The ferry is a really good value and is a great choice when the seas are calm and you have some time. You’ll pass other islands and watch passengers from other islands pull up on traditional long tail boats to meet the ferry (which explains why it can take so long!). It’s a small passenger ferry (no cars) with an inside area and a top deck, so you can sit up top and lap up the glorious sunshine and views as you sail.
There are actually two islands here; Ko Lanta Yai (‘Yai’ meaning ‘large’ island) and Ko Lanta Noi (‘Noi’ meaning ‘small’). The day we arrived they finally opened the road bridge between the two islands, so you can now drive over, with a very short car ferry crossing from the mainland.
I stayed in a Terrace Suite at the 5* Layana Resort & Spa, which is set right on the beach. I loved the layout of this hotel - everything is centred on the two palm-lined pools; an infinity pool right beside the beach and the ‘Wellness pool’ just behind it. There’s a beach front bar and informal beachfront restaurant as well as ‘Tides’ which is a smarter restaurant with a bit of a dress code.
For families or small groups who want their own space, there’s a beautiful house called La Maison. Complete with its own butler and extremely spacious private pool – you could stay here and be waited on hand and foot!
Another great option for twenty and thirty-something couples is the Twin Lotus Ko Lanta. Rooms are modern and luxurious; some villas grouped around the gardens and some facing the beach. I’d say the ultimate ‘book-it-for-your-honeymoon’ room is a Deluxe Beachfront Villa – facing the beach and close to the pool. I nearly snapped it up there and then!
There are 2 pools here, one set back and an infinity pool on the beach, with a restaurant beside it. The food here is definitely worth a mention; we visited in April 2016 and were served one of the most delicious lunches. The Kiwi head chef who joined in late 2015 produced a delicious fish course, followed by a contemporary twist in Thailand’s favourite dessert that you’ll find everywhere in the south (Mango and sticky rice). He created a coconut pana cotta with a mango jelly which was absolutely divine!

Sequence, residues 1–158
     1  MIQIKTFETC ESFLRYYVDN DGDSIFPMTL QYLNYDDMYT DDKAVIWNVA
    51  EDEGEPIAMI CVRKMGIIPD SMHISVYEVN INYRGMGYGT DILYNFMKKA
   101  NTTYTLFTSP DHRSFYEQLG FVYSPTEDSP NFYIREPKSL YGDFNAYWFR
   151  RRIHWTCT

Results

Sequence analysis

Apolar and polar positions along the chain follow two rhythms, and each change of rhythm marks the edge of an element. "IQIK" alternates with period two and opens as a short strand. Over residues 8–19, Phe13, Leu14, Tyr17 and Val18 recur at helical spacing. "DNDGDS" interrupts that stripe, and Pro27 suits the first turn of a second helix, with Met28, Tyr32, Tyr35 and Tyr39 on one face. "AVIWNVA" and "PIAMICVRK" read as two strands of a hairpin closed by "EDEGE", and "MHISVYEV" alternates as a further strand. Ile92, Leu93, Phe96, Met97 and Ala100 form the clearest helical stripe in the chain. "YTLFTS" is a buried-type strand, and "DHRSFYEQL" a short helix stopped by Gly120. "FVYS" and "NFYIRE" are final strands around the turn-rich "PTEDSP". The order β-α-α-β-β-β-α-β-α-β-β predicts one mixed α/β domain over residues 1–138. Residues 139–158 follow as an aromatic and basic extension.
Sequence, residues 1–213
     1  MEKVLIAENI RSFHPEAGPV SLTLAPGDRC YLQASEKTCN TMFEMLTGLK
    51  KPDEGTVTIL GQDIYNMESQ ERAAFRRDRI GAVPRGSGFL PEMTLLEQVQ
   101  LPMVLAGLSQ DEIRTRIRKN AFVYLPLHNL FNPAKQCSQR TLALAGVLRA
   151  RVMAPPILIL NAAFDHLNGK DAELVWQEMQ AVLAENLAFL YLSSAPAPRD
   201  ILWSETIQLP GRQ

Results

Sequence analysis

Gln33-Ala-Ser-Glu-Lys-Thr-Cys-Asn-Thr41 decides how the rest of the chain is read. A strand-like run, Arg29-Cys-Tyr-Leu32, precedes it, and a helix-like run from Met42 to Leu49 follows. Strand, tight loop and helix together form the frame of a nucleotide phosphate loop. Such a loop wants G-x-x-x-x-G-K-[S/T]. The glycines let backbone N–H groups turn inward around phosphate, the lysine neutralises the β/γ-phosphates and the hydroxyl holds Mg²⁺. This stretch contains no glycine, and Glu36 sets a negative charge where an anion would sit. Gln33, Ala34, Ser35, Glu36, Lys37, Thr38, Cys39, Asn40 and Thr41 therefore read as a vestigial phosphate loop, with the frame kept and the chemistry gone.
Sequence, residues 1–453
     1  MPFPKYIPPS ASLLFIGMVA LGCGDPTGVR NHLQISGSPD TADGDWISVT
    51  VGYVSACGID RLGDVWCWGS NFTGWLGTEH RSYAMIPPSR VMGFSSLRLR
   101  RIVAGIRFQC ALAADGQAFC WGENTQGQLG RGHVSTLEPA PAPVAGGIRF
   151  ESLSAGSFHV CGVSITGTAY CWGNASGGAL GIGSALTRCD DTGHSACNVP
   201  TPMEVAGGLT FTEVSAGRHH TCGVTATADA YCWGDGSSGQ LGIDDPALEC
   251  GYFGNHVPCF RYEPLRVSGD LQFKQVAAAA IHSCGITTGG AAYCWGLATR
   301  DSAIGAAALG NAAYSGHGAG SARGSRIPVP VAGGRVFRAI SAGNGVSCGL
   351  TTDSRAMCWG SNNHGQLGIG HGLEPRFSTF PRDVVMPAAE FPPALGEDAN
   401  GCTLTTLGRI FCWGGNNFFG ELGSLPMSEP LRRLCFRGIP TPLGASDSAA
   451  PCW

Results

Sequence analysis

Situated right at the southern tip of Lanta Island is the Crown Lanta Resort & Spa. If you’re looking for a good value, 4* hotel with a beach front reggae bar, this one is for you. I think it would suit you if you’ve graduated from backpacking but are looking for somewhere with a fun vibe. Families will like it too, with a large pool and plenty of pool access rooms.
I took a cooking class with the Thai chef who patiently demonstrated how to cook 3 Thai dishes, and then helped us to recreate them. I can’t say my effort was anywhere near as tasty as hers, but it did teach me the classic Thai flavour combinations; sweet, sour, salty and spicy. I find Thai food absolutely irresistible (particularly this southern, spicier variety), so I would highly recommend a fun morning spent learning to cook. Most hotels offer Thai cooking classes or we can easily arrange one for you.
Krabi holidays obviously offer great opportunities to get out on the water. All of the hotels in Ko Lanta and in Krabi can arrange day trips including the popular island-hopping and snorkelling, and they make for a fantastic experience of these limestone isles.
From Ko Lanta, I took a snorkelling trip to Ko Rok National Park – a cluster of islands an hour off the coast by speed boat. Our trip took us to three different snorkelling locations and we were not disappointed by the fish – it was like something out of a tropical fish tank. The water here is balmy and warm, so it’s fun and easy to snorkel close to your boat.
Approaching the islands in Ko Rok is breath-taking. I think I’d always imagined that photos of this part of Thailand had been touched up, but I can see now that the sky really is that blue; the sea really is that shade of aquamarine and the sand really is that white. You can’t help but smile about that in the ‘Land of Smiles’.
(Just an aside: if you’re thinking speedboat = nausea – so was I... however we were offered seasickness tablets (which I took), but our trip in April was plain sailing all the way, not a ripple in sight). If you're headed to Thailand in December or January, I think you could expect broadly similar conditions.
Whilst you’re here, you should definitely take an island-hopping trip. One morning I took a longtail boat trip organised by the Layana Resort hotel. Half a day is plenty of time to experience the coast and be back in time for lunch.
We headed out from Lanta’s east coast, and sailed south between both Lanta islands through mangrove swamps populated by stilt houses and monkeys.
Not much further, you soon reach some magnificent limestone karsts off the western coast of Lanta. You’ll get right up close to see the caves and stalactites in the limestone – the rock formations are breath-taking; casting huge shadows over the water, with tiny isolated beaches hidden in nooks and crannies. Some trips will take you even closer, by kayak – so that’s on my list for my next visit to Thailand!